BERLIN — Bianca Rech tugged up her white socks and juggled the soccer ball on her knees before driving it into the depths of the net.
“We’re adding a feminine kick,” she quipped before a local Berlin team surrounded her to request she autograph their shirts. Rech, 25, is a defensive player for Germany’s national world champion soccer squad.
Football fever has gripped Europe, and nowhere more than in Germany, where the World Cup is being held through July 9. While the players grabbing air time around the globe during the tournament are all men, women are getting in on the action as well.
“It’s not just a man’s sport anymore,” said Rech’s 17-year-old teammate Celia Okoyino da Mbabi, who showed off her feminine footwork on the miniature field at the Adidas World of Football, a mock-up stadium in front of the Reichstag, for the Women’s Soccer Theme Day organized by the activewear giant last week. While the World Cup competition heats up here, Adidas and FIFA, soccer’s governing body, are making sure the temperature is also rising in anticipation of the Women’s World Cup, which will be held next year in China.
“Women’s football [soccer] means more than just kicking a ball around,” said FIFA president Joseph Blatter, who unveiled the match ball specially created for the women’s tournament. According to Blatter, approximately 40 million women play soccer worldwide, excluding China.
“Women’s football continues to expand in size, recognition and audience everywhere,” added Erich Stamminger, chief executive officer and president of the Adidas brand. “It’s all about enjoying the game.”
And how. In Germany, in preparation for this year’s World Cup kickoff, one church converted its altars into miniature soccer fields to teach the principles of nonviolence and fair play, while a local farmer made the Berlin news for having painted German flags on the bellies of all his cows.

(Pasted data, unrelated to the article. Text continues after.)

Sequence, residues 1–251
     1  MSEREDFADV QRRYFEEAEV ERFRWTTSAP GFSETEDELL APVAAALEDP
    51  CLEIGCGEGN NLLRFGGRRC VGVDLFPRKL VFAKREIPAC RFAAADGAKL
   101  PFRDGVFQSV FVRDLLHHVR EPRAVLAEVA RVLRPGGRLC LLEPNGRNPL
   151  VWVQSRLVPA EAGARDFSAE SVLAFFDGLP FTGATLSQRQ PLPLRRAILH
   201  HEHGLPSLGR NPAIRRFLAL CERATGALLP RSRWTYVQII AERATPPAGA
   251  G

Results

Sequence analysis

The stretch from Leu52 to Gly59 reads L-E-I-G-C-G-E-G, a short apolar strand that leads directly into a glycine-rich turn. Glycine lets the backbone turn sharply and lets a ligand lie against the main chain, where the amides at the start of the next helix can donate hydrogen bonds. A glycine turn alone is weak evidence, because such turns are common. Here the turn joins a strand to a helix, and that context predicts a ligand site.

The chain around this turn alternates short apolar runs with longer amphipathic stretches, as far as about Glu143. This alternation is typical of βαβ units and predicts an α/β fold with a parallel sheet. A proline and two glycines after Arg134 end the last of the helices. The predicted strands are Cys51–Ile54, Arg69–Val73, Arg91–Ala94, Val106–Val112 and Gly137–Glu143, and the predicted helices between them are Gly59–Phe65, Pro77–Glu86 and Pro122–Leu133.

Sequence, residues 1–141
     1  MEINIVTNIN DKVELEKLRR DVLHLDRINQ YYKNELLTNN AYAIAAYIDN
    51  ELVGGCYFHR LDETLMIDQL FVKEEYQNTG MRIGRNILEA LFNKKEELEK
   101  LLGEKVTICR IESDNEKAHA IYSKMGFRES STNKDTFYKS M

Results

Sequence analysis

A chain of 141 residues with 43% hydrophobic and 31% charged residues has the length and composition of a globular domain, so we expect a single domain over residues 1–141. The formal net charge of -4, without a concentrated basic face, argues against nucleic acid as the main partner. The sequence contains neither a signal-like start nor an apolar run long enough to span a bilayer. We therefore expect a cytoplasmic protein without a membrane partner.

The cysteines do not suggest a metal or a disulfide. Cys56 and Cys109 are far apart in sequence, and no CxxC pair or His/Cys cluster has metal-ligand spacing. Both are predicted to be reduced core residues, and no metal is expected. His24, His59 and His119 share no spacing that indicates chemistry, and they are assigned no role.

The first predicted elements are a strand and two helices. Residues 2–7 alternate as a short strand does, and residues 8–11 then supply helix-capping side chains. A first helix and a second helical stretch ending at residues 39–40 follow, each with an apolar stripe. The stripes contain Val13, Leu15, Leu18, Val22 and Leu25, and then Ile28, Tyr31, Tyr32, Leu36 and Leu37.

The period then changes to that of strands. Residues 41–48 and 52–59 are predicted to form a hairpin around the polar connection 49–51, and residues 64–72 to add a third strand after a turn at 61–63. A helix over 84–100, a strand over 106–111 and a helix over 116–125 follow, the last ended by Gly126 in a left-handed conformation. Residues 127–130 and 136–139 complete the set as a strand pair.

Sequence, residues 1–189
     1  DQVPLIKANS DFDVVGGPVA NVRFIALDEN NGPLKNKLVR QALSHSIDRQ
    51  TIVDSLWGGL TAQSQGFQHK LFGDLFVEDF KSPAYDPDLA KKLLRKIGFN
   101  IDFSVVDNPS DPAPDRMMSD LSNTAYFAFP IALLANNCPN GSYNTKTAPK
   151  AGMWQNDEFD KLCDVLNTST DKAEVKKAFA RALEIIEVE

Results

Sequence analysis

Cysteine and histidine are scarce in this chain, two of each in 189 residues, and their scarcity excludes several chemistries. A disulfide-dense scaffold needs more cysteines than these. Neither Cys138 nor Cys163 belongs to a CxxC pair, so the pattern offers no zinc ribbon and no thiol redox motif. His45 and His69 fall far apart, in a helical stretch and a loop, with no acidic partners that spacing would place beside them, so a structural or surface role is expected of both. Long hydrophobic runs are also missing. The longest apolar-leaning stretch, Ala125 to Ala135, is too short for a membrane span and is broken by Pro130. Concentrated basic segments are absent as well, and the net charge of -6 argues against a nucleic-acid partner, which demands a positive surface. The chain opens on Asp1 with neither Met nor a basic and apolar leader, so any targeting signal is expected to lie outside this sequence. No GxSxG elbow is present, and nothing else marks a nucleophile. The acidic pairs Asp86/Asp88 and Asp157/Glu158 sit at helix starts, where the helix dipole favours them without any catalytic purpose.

Stamminger said women’s wear accounted for 10 percent of the group’s technical soccer business and 20 percent of soccer fan apparel sales. “The women’s soccer category is growing at a faster rate than the men’s,” he added, noting Adidas has increased its estimate of sales from the World Cup to 1.2 billion euros, or $1.5 billion at current exchange.
Women were certainly a visible and audible addition to the stands here, accounting for nearly 40 percent of the audience in Germany. Yet, in the stands, soccer style for women is more tempered than that of their beer-drinking male counterparts.
“We are better fans then the men: Our egos don’t get involved and we don’t look ridiculous,” said 23-year-old Olga Holeksova from the Czech Republic, draping a flag over her shoulders.
At the Fan Mile, a public viewing event around the Brandenburg Gate, female fans added to the kaleidoscope of bright colors. While some opted for discreet touches, such as national flag or flower necklaces in their national colors, others went for a total soccer look, with ultrafitted spandex tops, sexy skirts and face paint.
Fashion, however, can sometimes play an even greater role than nationalism when choosing an outfit during the World Cup.
“You don’t have to be from the country itself in order to wear the jersey,” explained 22-year-old Gandja Monteiro from India, who opted for Brazil’s green and yellow colors. “Brazil’s is the most popular fan wear for girls.”
But, since fashion is fickle, it’s the soccer heartthrobs such as Italy’s Fabio Grosso or France’s Thierry Henry who are really getting all the attention this Cup round. At least that’s the case for 14-year-old Lea Ossmann and her friends. “We watch it for the boys,” she joked.